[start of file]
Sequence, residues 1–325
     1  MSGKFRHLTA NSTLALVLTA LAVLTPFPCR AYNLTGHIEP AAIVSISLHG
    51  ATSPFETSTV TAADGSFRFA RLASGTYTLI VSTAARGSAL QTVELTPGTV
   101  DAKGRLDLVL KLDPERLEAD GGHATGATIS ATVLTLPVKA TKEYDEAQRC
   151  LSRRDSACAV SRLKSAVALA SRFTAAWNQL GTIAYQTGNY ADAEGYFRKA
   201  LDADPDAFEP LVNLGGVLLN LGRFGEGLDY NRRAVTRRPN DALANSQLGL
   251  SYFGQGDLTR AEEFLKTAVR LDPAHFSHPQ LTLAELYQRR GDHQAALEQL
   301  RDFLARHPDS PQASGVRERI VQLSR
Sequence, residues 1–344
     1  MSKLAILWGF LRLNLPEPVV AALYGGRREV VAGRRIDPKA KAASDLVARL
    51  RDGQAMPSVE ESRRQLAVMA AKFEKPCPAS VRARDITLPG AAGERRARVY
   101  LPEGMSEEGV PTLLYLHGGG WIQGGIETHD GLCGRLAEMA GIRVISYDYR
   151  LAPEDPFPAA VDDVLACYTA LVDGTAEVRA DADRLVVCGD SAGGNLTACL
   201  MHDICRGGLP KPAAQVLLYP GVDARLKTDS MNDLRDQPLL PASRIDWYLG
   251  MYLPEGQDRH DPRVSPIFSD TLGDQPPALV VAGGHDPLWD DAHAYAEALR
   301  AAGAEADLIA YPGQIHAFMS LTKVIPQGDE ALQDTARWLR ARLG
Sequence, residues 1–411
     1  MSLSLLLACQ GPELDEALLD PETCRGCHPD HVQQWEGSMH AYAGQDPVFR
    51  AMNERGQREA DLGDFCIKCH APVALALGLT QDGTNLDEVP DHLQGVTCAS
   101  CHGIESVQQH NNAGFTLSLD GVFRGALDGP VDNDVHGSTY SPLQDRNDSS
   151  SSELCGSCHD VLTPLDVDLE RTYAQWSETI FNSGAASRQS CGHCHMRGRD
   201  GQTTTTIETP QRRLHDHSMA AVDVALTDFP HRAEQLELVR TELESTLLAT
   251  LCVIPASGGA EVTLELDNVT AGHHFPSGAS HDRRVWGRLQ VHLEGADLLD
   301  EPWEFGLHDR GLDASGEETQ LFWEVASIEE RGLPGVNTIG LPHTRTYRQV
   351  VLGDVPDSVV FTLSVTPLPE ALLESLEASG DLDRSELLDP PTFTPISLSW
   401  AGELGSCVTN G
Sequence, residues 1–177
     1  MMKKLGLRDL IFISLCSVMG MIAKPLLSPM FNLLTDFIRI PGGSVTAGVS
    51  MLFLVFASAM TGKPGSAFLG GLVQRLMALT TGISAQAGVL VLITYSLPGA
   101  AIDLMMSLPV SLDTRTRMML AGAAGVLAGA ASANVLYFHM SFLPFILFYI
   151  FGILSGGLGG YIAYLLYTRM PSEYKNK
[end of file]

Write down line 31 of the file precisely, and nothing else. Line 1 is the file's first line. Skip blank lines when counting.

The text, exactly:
   151  FGILSGGLGG YIAYLLYTRM PSEYKNK